I really like the word “majik.”
I mean, I like the aesthetic of those letters in that order. It feels mysterious, like something transliterated from an exotic Arabian dialect.
I don’t, however, have any idea what it’s supposed to mean.
People tell me it’s supposed to have something to do with using occult/psychic forces to achieve concrete effects – but we already have a word for that, “magic.”
“Magick” at least makes some sense if one is into numerology (the 6, 11 thing), or referring to Aleister Crowley, Thelema, or the kind of art they practice. “Majik” has no real use that I can think of.
In the old days I would have referred to myself as a “grammar nazi”, before it was pointed out to me that this trivializes the atrocities committed by actual Nazi nazis. So, since I’m not planning on invading grammar-Poland or murdering millions of grammar-innocents, I’ll just say I’m a stickler for language.
Ironic, I know, since my grammar and spelling are hardly perfect. I am a frequent user of neologisms and Whedon-speak. But I’m not talking about honest mistakes or even playing with language for amusement.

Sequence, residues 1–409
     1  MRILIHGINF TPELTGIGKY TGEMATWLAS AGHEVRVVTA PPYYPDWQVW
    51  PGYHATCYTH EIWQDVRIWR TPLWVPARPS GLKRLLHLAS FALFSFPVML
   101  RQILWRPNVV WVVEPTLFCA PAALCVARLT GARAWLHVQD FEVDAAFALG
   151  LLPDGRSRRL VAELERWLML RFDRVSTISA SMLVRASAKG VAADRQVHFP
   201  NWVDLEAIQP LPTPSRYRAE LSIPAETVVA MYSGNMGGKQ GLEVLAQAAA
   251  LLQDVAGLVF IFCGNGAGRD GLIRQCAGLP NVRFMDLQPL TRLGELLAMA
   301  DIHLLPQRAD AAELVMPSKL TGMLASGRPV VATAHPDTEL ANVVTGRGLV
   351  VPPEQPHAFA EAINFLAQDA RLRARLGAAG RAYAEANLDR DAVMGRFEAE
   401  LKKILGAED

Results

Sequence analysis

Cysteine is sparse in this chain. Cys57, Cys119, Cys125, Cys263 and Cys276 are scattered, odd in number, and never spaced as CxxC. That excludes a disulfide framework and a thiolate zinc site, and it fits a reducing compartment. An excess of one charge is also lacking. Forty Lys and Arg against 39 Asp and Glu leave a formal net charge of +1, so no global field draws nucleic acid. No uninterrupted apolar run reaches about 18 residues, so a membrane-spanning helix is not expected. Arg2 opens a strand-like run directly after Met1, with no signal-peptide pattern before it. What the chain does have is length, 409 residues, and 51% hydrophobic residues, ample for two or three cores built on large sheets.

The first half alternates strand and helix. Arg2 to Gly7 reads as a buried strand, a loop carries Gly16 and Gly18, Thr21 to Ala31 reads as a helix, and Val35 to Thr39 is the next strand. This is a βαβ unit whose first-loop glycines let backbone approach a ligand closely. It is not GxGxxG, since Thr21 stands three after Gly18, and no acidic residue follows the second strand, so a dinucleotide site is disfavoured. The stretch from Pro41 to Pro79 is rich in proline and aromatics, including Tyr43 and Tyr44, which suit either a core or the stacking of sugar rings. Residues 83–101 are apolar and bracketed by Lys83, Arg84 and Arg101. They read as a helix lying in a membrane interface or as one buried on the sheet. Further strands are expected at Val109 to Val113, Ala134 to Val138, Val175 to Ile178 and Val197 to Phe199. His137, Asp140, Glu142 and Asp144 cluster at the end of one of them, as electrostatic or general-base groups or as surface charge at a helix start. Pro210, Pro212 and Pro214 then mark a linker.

What bothers me is sacrificing clear communication in favor of pretentiousness or political statement.
Back in the 80’s (I don’t know if this is still happening, but I sincerely hope not) there was a movement within feminism to remove the sexism from language by experimenting with alternate spellings, etc. We could no longer be called “women” because that word was derived from “men.” (I don’t know how correct that etymology is, this is just how it was explained to me at the time.) We were now “wimmin” or “womyn” or what not.
Now, there is sexism inherent it language. I’m all for pointing it out and making changes when possible. Referring to a female writer as an “authoress” instead of simply an “author” makes her gender an issue where it shouldn’t be. It is too easily understood as saying “she’s as much of a writer as a mere woman can expect to be.” Simply using the term “author” remains within the realm of clear communication, and takes the sexual politics out of the equation.
Similarly, referring to the person who delivers one’s mail as a “mailman” could imply that only men are qualified to do the job. The gender neutral “mail carrier” makes perfect sense to me. But if you insist on calling that person a “postal carrier” because “mail” sounds like “male,” I have an issue with you. Choose your battles, sisters.
I’ve come to a point in my life that when I see the word “wimmin” I think “superficial feminist”. When I see the word “majik” (after my initial “ooo pretty”) I think “superficial pagan.” This may be an unfair bias on my part, but I really don’t think the people using these words are doing themselves any favors if they want to be taken seriously.